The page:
It also causes sales of shares to take place when they might not be best timed, simply to use up capital gains tax allowances in the current tax year. Or even to anticipate changes to tax rates and allowances by decisions from new Chancellors or new Governments.

The existing arrangements encourage the use of investment trusts and funds rather than personal investors holding individual shares. This has had a negative impact on the stock market as investment decisions are now made by fund managers rather than real owners. It has also meant that much of the profits generated by public companies end up in the hands of the fund manager rather than the end investor who rake off 1%, 2% or more per annum which can often be a very high proportion of the real return generated by companies. It also has a negative influence on corporate governance as fund managers have little interest in controlling the pay of directors for example. In effect we have a lot of absentee owners.

These defects might be considered an argument for scrapping CGT altogether but that is unlikely. However, an alternative proposal would be to reform it so that a rollover of investments did not incur tax. In other words, if you reinvested the proceeds from a sale of shares or other assets into new assets within a period of time then no tax would be payable. If no net profit is actually realised, why should investors pay tax?

Do people even care about paying tax on their profits when they die? Capital gains tax liability currently disappears on death and that might need to be changed if rollover was permitted but there is also interaction with Inheritance Tax here which would also need to be reconsidered.

Property is taxed at different rates, although the property you live in is exempt. This has of course encouraged people to invest in a home as an asset for their retirement. This has powered the house price bonanza in recent years and encouraged people to occupy bigger houses than they need. Although encouraging home ownership is meritorious, it is not clear why gains from owning a home should be tax free. Reforming this could be a political hot potato although a “roll-over” provision and other exemptions could mitigate the adverse consequences.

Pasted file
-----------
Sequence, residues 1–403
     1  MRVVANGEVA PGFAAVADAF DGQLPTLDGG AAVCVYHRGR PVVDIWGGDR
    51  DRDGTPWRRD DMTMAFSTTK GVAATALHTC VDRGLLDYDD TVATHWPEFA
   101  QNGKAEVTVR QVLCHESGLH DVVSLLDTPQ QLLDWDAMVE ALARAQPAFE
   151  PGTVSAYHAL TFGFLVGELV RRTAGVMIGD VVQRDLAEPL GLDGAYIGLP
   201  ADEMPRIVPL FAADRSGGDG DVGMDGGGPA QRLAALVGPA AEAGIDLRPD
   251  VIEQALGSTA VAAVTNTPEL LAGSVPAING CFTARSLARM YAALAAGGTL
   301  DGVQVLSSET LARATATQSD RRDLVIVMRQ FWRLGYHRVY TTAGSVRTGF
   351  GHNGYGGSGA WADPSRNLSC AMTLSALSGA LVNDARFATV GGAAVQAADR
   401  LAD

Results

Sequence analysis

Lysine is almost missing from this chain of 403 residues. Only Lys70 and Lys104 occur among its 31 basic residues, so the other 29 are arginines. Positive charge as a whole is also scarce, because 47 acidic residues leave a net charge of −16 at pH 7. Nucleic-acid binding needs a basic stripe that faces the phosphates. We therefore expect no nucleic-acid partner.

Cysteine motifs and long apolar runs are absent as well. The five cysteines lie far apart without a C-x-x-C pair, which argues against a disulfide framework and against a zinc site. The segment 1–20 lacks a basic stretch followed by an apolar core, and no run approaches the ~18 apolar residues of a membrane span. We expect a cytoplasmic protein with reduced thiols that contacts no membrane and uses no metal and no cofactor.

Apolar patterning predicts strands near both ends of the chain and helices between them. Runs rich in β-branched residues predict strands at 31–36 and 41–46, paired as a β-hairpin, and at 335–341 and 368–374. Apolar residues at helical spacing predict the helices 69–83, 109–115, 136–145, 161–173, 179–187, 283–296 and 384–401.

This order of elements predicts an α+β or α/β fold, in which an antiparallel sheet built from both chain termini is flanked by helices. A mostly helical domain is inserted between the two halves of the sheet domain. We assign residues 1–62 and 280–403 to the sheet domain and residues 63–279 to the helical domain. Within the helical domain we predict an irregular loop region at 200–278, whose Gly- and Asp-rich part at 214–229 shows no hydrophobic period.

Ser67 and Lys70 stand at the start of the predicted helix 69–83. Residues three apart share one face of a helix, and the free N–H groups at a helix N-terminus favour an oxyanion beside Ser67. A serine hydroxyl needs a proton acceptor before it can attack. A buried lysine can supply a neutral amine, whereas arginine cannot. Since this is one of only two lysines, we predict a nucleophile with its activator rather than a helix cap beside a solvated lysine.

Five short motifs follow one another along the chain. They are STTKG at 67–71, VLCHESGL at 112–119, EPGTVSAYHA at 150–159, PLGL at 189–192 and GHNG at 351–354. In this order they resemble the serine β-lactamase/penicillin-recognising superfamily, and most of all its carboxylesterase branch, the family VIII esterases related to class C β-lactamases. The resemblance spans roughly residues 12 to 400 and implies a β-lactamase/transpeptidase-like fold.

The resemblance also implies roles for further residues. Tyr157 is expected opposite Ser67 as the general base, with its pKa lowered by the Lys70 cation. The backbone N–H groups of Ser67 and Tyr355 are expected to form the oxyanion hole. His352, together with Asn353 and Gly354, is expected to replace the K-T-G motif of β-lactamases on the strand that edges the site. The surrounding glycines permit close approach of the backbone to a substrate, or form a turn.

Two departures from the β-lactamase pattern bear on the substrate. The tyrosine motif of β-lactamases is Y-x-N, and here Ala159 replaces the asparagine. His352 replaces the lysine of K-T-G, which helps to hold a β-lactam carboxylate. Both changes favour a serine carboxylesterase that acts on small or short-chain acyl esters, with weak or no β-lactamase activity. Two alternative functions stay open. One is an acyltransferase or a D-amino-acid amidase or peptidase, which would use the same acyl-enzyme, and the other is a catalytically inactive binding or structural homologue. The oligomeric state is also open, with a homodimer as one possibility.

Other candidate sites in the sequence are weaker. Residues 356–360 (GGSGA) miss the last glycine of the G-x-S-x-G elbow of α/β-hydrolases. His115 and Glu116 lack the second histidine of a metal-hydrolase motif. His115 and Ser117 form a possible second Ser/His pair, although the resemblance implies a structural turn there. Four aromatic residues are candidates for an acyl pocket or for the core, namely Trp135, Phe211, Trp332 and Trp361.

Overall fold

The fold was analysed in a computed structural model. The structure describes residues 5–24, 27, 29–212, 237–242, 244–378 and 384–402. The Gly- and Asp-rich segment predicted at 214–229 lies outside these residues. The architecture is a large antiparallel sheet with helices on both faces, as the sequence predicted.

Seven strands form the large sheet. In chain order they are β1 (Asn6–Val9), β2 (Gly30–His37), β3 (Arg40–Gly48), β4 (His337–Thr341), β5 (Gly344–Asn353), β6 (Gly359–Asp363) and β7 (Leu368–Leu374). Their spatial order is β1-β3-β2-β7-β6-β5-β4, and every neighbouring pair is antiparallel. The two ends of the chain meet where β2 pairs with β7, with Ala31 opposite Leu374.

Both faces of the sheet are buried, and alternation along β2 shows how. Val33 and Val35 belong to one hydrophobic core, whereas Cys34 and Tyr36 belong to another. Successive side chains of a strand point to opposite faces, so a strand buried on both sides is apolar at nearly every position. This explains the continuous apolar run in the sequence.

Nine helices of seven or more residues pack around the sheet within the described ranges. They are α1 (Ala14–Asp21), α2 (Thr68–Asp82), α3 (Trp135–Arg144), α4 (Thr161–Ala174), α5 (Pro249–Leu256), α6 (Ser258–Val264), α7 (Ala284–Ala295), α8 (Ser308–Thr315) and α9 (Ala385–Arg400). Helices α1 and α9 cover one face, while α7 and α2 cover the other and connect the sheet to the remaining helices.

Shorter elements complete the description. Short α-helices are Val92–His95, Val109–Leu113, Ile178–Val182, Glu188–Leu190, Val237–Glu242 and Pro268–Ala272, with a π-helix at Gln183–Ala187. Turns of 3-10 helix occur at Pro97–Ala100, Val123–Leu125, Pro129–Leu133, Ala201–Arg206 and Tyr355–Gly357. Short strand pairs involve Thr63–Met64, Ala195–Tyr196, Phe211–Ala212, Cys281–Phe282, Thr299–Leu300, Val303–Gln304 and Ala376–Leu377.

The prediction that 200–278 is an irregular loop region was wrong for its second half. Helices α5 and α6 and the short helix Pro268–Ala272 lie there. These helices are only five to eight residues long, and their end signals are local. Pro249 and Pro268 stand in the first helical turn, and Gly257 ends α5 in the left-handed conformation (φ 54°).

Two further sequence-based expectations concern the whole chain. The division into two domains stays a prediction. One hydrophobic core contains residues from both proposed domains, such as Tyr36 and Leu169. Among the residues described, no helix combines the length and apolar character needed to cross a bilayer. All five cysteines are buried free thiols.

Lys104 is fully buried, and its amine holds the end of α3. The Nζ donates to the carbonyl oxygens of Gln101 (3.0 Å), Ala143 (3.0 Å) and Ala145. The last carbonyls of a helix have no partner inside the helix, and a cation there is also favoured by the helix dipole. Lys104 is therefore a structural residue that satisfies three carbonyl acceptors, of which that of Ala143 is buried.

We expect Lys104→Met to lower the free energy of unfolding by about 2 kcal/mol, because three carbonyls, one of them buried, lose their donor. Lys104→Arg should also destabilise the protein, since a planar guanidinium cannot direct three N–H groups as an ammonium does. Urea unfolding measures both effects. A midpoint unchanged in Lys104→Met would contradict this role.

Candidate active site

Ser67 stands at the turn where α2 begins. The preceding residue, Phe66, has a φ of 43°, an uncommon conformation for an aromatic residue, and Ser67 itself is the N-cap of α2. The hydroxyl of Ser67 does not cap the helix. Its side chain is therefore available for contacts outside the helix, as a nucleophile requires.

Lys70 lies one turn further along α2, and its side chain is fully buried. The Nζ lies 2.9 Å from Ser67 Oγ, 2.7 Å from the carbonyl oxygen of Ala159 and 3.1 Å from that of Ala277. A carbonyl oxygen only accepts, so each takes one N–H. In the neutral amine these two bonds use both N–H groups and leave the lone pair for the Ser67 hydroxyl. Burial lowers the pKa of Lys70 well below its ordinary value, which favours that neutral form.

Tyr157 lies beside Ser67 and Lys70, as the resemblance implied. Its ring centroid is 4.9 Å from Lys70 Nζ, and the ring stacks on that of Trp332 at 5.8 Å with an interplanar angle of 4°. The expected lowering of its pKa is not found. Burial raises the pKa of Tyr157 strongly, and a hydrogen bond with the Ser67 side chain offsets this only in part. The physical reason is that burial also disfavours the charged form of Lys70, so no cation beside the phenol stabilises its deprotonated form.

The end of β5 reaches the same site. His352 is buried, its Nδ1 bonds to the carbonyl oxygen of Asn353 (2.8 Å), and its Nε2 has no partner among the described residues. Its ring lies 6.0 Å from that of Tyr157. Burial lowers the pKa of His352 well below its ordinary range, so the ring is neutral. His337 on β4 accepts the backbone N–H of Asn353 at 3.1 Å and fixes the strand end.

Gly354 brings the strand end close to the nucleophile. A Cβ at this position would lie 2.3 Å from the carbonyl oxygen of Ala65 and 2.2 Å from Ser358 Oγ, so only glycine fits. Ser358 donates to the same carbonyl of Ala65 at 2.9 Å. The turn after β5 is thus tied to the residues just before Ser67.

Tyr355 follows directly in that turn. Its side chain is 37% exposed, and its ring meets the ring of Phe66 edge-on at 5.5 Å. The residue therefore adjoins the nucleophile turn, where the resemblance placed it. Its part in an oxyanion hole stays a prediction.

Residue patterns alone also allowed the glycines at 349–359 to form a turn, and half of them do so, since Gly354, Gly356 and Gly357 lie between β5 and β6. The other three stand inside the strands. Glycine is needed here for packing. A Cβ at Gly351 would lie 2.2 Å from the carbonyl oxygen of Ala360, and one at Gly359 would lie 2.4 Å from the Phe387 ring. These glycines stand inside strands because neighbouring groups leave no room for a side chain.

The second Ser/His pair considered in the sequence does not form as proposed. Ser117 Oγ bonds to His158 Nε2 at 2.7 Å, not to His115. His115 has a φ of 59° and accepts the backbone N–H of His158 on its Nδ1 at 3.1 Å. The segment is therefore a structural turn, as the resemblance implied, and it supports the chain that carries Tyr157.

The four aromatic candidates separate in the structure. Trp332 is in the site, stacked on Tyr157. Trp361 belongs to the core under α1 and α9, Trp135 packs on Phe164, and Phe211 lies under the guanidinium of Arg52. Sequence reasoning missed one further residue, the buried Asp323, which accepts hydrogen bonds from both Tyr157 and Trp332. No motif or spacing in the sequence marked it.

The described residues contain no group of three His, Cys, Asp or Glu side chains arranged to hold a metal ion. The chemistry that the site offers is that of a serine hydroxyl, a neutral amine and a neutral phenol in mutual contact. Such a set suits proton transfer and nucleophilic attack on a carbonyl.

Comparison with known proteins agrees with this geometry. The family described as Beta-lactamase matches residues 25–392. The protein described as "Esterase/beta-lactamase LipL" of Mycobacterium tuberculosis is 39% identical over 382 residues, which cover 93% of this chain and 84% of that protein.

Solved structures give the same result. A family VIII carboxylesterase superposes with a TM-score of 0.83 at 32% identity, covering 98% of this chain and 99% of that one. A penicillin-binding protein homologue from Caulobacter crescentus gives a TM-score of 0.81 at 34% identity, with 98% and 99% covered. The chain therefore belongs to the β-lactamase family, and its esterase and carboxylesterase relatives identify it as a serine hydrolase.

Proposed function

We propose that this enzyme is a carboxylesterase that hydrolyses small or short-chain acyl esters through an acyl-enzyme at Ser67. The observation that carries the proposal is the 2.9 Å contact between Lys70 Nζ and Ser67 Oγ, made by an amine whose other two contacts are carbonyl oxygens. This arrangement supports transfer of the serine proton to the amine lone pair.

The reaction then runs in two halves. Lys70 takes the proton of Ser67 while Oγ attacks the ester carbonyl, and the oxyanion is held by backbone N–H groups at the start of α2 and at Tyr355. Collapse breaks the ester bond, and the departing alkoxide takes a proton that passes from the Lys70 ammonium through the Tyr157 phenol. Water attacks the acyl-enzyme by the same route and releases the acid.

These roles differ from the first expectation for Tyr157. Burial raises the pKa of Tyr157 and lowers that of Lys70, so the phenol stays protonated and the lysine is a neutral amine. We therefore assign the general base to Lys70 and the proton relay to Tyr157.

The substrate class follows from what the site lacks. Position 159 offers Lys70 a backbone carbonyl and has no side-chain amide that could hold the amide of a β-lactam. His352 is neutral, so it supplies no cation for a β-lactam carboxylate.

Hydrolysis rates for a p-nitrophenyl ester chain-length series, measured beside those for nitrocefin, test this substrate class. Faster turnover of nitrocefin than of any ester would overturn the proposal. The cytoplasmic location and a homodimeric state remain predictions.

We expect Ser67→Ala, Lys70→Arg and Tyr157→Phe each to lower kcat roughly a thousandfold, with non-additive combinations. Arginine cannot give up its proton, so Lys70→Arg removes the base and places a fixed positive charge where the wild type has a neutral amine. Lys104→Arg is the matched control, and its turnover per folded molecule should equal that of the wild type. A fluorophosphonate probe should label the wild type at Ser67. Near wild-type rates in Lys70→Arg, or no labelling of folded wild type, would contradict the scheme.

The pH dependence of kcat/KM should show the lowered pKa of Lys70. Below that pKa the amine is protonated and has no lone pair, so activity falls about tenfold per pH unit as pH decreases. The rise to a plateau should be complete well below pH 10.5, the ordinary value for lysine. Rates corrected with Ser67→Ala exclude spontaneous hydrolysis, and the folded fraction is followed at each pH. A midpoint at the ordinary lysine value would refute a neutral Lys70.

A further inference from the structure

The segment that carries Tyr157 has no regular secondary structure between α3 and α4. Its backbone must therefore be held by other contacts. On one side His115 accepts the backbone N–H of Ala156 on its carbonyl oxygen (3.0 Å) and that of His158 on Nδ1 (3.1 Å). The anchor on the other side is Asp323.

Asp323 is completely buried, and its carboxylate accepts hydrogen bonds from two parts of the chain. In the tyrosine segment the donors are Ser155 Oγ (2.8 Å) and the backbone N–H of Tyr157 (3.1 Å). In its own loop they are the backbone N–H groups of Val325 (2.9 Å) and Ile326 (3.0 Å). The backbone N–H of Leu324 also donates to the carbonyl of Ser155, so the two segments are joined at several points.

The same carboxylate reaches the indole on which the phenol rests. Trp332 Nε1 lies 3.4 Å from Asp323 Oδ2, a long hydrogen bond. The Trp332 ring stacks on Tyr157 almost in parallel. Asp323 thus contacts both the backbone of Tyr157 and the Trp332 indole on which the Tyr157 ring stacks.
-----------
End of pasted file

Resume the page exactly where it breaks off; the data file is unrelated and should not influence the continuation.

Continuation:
Capital Gains Tax has always had a negative impact on business creators although there are allowances that reduce their liability when a business is sold. Much tax planning activity is prompted by such outcomes which typically undermines the tax take. Another related issue is that high capital gains tax rates encourage wealthy entrepreneurs to move to countries where capital gains taxes are lower or even zero. We lose their expertise and also they spend their money in other countries as a result.

In summary Capital Gains Tax is ineffective, generates relatively little in tax from very few individuals and is a disincentive to entrepreneurial activity. It can result in tax being paid on purely inflated share prices and when no actual cash is realised as the profits are soon reinvested. It does of course discourage therefore new investment and distorts the stock market.

In my opinion, capital gains tax needs a complete overhaul. If you agree, or disagree, please add some comments to this article. I’ll ponder those before making a full submission to the OTS review.

OTS Capital Gains Tax Review:

Roger Lawson (Twitter:  )